7. #7
    coprolite fietsbob's Avatar
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    lower price point components work fine, if there is a sloping toptube,
    in the hybrid frame,
    no problems, you don't need to shoulder the bike and run up hills..
    [or climb A floor or 2 of stairs ]

    I have Trekking /figure8 bend bars on, the using straight/hybrid
    bar controls that come on the bike ..

    comfortable .. not too far a reach, a bit higher than the saddle.

    having a near reach, + a far reach for headwinds..
    Last edited by fietsbob; 07-14-12 at 09:36 AM.

  8. #8
    Gouge Away kaliayev's Avatar
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    You could also look for a used sport tourer from the 80's to early 90's. They offer a more relaxed riding position, brazeons for racks and fenders, and usually have plenty of room for wider tires. A high/mid line bike is going to be cheaper and much better than something like a Surly.
    2003 Stevenson Custom Cycles Sportive
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    All are frame/frame set builds.

  9. #9
    Senior Member rebel1916's Avatar
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    In the long run, drop bars are more comfortable, for more people, more of the time.

  10. #10
    Senior Member tntyz's Avatar
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    Quote Originally Posted by rebel1916 View Post
    In the long run, drop bars are more comfortable, for more people, more of the time.
    +1 based on my experience, too. Most noticeable on longer rides which the OP says are not in the plan.

  11. #11
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    Wow. Thanks for all the input! I'm headed to several LBS today to test out a few more bikes and see if I can firmly swing into the 'cross or hybrid camp once and for all...hope to be riding late next week!

  12. #12
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    Quote Originally Posted by bmills313 View Post
    I've always been a little shy of the more hunched over riding positions of road bikes and drop bars compared to more upright on an MTB or hybrid...but at the same time I constantly find myself moving my hands around to try and find a more comfortable hand position, which the drop bars would likely help with...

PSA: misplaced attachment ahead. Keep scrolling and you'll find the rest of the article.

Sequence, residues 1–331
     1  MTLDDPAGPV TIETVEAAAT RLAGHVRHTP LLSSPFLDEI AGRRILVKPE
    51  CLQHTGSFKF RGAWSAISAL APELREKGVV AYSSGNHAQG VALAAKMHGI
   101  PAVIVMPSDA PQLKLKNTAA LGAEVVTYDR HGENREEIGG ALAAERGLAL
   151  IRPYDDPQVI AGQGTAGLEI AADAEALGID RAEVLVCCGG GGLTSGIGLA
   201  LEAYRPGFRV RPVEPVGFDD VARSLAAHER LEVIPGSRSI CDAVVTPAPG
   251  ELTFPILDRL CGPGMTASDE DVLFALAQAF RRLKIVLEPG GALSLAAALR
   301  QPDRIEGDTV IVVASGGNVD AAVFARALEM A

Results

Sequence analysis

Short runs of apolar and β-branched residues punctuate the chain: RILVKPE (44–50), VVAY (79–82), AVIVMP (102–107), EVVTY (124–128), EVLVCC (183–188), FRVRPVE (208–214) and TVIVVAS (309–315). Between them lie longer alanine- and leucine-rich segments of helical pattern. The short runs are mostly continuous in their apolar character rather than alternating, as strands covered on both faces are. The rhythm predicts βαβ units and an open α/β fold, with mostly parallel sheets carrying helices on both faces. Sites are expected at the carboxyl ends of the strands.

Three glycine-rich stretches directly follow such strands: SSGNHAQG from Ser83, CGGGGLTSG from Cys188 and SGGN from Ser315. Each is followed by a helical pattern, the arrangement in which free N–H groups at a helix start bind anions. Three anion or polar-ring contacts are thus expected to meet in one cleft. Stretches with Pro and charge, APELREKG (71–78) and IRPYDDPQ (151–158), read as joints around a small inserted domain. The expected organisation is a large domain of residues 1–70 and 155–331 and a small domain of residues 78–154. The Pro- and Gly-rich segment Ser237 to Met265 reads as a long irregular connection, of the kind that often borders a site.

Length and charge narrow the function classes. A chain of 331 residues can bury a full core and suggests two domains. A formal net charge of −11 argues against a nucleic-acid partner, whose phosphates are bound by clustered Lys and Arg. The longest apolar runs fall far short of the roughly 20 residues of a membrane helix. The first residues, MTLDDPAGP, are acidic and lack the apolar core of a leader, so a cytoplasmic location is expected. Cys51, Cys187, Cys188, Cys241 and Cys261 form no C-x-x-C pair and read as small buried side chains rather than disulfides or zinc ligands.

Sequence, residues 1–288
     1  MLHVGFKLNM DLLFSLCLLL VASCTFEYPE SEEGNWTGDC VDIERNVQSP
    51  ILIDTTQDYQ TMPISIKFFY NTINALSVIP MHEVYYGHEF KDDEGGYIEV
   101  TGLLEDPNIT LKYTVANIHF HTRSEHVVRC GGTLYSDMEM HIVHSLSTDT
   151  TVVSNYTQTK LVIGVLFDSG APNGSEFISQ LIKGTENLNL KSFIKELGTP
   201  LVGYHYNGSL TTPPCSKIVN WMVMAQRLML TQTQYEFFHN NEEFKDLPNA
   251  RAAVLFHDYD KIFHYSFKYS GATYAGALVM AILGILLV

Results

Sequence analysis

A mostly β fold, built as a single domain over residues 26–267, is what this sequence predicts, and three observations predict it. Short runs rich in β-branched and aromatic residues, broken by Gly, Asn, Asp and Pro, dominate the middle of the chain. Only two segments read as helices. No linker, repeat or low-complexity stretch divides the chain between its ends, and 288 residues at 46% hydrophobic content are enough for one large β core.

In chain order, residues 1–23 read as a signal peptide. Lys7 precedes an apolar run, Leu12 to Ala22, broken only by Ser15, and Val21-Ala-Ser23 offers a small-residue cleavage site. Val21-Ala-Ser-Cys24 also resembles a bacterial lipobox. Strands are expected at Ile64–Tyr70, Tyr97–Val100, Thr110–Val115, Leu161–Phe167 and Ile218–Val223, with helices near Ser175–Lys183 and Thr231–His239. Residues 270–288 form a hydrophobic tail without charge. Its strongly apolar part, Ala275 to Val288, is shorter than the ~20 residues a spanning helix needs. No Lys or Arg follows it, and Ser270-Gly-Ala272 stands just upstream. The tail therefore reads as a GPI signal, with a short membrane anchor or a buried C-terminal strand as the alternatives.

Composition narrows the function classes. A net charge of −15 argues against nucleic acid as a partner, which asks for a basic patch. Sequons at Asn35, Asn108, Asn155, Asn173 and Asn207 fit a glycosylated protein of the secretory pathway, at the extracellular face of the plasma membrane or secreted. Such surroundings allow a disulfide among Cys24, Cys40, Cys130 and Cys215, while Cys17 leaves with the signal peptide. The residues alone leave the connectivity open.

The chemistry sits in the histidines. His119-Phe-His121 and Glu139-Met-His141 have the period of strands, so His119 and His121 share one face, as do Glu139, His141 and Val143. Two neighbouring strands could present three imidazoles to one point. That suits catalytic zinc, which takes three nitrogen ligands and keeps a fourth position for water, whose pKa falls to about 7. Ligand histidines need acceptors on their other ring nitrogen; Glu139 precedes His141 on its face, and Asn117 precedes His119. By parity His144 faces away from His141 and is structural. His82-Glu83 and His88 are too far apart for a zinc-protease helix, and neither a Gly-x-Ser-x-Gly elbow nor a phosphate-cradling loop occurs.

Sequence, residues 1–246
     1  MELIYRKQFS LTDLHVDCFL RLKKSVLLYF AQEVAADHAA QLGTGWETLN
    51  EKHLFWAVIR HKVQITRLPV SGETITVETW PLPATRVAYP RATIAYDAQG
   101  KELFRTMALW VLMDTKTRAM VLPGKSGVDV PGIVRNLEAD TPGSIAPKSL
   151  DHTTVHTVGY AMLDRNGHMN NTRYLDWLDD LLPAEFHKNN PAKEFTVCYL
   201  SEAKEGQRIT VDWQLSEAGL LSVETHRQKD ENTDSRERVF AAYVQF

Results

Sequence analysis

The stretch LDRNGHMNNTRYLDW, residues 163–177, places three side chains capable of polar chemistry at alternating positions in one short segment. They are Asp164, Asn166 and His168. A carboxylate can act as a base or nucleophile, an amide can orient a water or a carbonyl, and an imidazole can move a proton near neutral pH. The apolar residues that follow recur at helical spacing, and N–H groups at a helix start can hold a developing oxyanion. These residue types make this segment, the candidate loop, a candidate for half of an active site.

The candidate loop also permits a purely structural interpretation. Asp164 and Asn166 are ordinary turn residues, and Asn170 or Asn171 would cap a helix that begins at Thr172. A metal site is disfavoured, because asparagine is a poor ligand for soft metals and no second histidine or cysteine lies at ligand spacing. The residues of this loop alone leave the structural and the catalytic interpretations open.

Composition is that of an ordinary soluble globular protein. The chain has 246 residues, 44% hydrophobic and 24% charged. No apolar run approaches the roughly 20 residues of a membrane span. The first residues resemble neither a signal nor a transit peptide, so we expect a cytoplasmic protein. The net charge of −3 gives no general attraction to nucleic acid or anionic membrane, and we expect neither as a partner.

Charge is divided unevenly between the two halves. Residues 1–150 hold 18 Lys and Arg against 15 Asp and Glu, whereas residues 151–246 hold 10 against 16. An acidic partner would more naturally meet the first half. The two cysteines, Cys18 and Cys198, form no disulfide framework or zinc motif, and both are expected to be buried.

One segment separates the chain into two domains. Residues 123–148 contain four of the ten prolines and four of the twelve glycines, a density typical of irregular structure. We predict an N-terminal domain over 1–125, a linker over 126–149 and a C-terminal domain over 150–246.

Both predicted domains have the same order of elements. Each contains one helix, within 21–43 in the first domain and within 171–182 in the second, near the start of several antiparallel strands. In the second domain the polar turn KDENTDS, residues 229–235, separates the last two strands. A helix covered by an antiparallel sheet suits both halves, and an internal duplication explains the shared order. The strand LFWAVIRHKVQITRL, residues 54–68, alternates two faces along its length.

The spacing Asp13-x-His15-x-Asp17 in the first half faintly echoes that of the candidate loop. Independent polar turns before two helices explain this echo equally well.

One of my drop bar bikes has the bar up about 1" above the saddle. I get a bolt upright riding position at the tops, slightly hunched at the hoods, and more hunched on the drops. Granted, it's not as "aerodynamic" as most drop bar bikes, but with the bar set up this high, I find myself using every part of the bar a lot more than on other drop bar bikes. Velo Dog mentioned owning a Rivendell Atlantis. A lot of Rivendell bikes come with the drop bars set up high for multi-hand position comfort, for example.

    However, if it's multiple hand positions you want, you don't necessarily need to stick to drop bars. The Novara Safari from REI uses a multi-position handlebar:

    http://www.rei.com/product/807245/no...fari-bike-2012

    It's more upright than a drop bar would be.

  13. #13
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    Quote Originally Posted by fat_bike_nut View Post
    The Novara Safari from REI uses a multi-position handlebar:

    http://www.rei.com/product/807245/no...fari-bike-2012

    It's more upright than a drop bar would be.
    I saw that bike a couple weeks ago but wasn't a fan. The twist-grip shifting and the bars were really awkward for me; looks like a bike that would serve you well if you were riding massive distances, though. After test riding a few bikes yesterday, I think I'm going the route of a more "traditional" hybrid with upright posture. On test rides, those bikes feel a little better to me but the difficulty is that the posture/comfort issues that would arise for what I'm wanting to do (exercise, 30-60 minute rides over a longer distances) are impossible to discover on a 5-10 minute test ride for either style bike. I imagine the more 'cross oriented bikes/frames would probably suit me better for that type of riding but I don't think I will be let down by more upright rides and flat bars considering the rides I'm looking to do are still shorter than many commutes that are handled comfortably and with ease by flat-bar hybrids. I used to ride a 20+ mile paved loop in Kansas City years ago on a Specialized Rock Hopper with knobby tires and front shock (no lock out) and I managed so I'm thinking I'll be OK. Those 'cross bikes are super rad, though, and maybe down the line I'd add one to the stable.